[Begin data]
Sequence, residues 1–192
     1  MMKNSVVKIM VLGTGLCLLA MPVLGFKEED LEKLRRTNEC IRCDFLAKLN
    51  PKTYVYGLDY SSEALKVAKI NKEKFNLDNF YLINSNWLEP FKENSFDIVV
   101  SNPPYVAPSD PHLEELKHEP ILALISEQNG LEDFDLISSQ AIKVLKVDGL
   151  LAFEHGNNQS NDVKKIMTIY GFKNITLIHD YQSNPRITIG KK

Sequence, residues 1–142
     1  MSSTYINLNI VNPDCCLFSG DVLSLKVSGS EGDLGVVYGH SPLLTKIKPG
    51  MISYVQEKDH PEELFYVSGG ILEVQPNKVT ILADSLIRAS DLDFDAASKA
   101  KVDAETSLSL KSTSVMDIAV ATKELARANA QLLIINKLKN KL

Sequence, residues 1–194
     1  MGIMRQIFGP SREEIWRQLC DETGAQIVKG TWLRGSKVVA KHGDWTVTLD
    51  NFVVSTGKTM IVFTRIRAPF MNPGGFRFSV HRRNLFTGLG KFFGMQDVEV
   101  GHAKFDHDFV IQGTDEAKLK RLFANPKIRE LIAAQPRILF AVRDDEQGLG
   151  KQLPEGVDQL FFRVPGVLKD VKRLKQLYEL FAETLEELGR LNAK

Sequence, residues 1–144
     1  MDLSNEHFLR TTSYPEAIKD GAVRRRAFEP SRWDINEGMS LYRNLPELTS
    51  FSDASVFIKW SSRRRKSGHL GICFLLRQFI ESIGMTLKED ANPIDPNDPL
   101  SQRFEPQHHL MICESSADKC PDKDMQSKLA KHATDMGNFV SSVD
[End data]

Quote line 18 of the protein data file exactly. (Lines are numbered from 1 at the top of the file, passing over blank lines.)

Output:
   101  SQRFEPQHHL MICESSADKC PDKDMQSKLA KHATDMGNFV SSVD